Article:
First, why does a character’s explicit heterosexuality or homosexuality need to be spelled out at all? Most readers do not expect all elements of a plot or of a story’s characters, to be explicitly given to us – part of the fun in reading is in discovering these things. Perhaps Rowling anticipated that more of her audience would have picked up on the nuances than actually did or perhaps she was asked a simple question (“did Dumbledore ever fall in love?”) and she gave a simple answer (“Yes, with a man named Grindelwald”).
Second, fans of the fantasy genre, in particular, should be accustomed to the fact that fantasy writers, particular those of complex, intricate, time-spanning series’ such as this one, often know much, much more about their characters and stories than they are ever able to incorporate into the series themselves; sometimes the additional information comes out in addenda – reissued editions, companion pieces, etc. Just look at all of the supplementary Tolkien works that take place in the lands of Middle Earth which have been released post-publication of the Lord of the Rings series!
Ultimately, I think it is Rowling’s right and privilege, as the author, both to reveal as much or as little as she wants about her characters and also to change her mind as she sees fit. She is not changing the story, after all, just our understanding of how she came to imagine it and to craft it. To add insult to injury, for some, is the fact that Emma Watson, our Hermione-incarnate, seems to agree with Rowling:
“I think there are fans out there who know that too and who wonder whether Ron would have really been able to make her happy,” says Watson.
So, the story writer and the woman who played the character for ten years and who knows her (Hermione) with an intimacy second only to Rowling herself, both agree that the relationship at the heart of the series might not be such a fairy tale. And? Sir Arthur Conan Doyle once killed-off his famous detective, Sherlock Holmes, only to later change his mind about that. Mary Shelley, who wrote Frankenstein when she was very young, later looked back on the book with embarrassment and a completely different political perspective. Writers have regrets, they rethink things, and they talk about it. So what? The outrage and hubbub are, in my opinion, just a tad overblown and largely unnecessary. Sure, the series is the most popular of its kind in perhaps ever, so of course anything slightly controversial regarding it will become a topic of intense, heated, and sometimes hilarious social debate. But, hey, at least Rowling didn’t follow her first instinct, which was to kill Ron. Authorial intent is interesting in so far as it generates discussion and gets readers asking new questions, but, ironically, the reality is in the fiction – that world has already been created for us and must be taken as presented.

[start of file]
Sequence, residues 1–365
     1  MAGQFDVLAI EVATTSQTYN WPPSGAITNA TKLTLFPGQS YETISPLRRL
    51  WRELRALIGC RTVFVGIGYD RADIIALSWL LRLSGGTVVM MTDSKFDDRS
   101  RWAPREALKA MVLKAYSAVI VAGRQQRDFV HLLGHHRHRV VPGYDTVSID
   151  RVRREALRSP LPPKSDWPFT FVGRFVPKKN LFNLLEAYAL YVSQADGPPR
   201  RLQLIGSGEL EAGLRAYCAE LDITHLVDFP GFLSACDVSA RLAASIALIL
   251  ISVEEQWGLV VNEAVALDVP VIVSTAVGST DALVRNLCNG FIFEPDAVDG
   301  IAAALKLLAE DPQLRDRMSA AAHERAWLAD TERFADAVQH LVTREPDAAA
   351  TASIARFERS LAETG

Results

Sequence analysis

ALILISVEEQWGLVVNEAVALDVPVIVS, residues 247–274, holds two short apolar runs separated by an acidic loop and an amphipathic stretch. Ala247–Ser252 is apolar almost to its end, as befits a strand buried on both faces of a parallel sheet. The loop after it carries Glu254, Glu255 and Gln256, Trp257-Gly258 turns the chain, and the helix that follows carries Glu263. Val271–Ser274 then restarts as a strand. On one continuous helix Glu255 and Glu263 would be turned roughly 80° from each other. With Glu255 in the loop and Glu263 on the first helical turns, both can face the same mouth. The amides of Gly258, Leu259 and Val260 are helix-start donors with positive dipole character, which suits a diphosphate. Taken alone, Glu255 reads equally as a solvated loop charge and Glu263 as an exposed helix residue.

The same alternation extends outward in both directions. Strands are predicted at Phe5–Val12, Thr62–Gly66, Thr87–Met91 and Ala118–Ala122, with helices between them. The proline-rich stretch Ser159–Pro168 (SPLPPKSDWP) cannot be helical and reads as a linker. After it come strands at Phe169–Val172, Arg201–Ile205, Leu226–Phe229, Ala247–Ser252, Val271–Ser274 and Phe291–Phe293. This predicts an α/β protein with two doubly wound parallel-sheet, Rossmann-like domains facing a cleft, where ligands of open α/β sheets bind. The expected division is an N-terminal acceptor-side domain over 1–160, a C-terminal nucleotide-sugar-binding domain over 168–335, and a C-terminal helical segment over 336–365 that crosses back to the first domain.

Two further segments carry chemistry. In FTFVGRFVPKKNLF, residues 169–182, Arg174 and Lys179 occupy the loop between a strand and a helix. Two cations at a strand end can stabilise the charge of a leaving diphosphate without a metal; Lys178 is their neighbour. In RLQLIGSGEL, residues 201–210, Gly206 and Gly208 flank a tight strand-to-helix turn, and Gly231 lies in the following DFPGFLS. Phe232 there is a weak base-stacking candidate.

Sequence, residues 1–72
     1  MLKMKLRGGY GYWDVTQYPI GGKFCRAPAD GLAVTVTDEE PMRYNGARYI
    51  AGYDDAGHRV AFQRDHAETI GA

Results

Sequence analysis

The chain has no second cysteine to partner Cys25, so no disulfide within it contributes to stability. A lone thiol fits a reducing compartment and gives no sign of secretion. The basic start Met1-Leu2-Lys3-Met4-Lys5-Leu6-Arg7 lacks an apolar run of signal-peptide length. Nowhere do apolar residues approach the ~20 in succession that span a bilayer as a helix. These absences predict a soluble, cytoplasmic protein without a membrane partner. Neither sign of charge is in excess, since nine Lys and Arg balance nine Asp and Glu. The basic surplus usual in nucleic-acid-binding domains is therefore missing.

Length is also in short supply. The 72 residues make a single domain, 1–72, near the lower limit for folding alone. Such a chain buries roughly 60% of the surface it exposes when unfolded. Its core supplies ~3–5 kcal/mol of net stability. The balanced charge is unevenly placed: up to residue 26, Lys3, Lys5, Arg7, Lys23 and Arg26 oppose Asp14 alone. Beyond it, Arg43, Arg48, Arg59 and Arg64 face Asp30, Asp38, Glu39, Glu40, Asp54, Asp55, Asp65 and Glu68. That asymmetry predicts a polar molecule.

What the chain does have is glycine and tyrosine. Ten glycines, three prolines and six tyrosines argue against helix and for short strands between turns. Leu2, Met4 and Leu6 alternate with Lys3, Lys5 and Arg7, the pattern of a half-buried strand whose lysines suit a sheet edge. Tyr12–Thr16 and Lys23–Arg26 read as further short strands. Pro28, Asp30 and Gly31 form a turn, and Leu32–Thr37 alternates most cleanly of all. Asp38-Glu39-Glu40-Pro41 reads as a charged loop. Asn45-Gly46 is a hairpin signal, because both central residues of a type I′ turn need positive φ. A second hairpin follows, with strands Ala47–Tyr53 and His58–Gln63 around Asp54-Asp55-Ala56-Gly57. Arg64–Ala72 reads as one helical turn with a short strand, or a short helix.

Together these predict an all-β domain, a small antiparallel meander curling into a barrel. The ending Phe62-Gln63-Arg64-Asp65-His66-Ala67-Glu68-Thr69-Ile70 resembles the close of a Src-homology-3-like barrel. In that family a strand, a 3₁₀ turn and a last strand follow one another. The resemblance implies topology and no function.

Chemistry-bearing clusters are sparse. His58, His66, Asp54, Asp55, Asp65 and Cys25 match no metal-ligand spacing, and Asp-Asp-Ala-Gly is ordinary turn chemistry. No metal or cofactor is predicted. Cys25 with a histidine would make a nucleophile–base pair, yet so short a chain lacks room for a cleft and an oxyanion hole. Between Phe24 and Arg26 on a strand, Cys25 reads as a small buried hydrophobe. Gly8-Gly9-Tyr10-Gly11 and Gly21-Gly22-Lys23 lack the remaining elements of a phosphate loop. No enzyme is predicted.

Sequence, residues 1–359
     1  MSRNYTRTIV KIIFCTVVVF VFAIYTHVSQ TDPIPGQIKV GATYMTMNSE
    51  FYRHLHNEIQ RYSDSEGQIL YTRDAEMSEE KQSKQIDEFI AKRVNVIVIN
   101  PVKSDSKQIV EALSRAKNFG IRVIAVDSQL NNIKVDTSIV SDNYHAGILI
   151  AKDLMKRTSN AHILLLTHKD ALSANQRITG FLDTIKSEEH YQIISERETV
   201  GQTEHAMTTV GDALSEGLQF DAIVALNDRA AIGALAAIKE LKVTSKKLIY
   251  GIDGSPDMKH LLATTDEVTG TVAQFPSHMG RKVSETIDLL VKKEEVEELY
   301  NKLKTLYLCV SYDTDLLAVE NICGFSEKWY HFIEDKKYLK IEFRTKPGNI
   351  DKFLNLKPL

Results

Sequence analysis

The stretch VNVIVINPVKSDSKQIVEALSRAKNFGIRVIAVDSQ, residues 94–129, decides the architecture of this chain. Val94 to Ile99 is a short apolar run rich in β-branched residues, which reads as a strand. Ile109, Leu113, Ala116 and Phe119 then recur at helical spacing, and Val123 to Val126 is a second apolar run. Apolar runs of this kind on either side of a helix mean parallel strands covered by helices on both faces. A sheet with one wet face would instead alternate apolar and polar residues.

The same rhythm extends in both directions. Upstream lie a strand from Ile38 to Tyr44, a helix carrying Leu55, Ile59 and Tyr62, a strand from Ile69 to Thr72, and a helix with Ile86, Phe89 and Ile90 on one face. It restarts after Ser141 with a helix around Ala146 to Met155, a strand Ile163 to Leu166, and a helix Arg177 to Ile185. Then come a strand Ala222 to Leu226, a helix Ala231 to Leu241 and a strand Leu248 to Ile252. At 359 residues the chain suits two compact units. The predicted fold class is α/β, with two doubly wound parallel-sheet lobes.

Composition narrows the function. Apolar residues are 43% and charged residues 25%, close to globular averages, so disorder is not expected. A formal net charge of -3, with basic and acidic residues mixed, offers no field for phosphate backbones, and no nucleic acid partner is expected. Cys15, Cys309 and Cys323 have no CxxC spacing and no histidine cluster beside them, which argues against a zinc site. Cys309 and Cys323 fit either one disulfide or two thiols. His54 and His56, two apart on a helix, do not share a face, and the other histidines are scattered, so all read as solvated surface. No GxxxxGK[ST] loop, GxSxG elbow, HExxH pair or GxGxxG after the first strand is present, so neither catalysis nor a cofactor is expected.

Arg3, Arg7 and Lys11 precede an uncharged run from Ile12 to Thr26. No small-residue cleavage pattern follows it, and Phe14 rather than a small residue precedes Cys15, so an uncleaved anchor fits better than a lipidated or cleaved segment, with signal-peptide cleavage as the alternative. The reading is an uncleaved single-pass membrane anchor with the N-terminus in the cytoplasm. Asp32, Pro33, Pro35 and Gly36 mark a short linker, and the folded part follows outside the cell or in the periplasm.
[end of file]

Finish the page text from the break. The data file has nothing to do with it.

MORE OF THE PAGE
Let’s just enjoy the brilliance of the stories and the world that J.K. Rowling created. We can and will react to the books in our own way, so why not let people – yes, even the author- say what they feel needs to be said about them. In the end, all that matters is the experience you have with the books. There is no right or wrong about that.
For the ink-hearted
an exposition of micro and punk poetry
Dedicated to Emerging Writers
quotes, excerpts and reviews
You don’t start out writing good stuff. You start out writing crap and thinking it’s good stuff, and then gradually you get better at it. That’s why I say one of the most valuable traits is persistence. Octavia E. Butler
My life as a black, disabled teenager
A bookish blog (mostly) about women writers of the nineteenth and twentieth centuries
A great WordPress.com site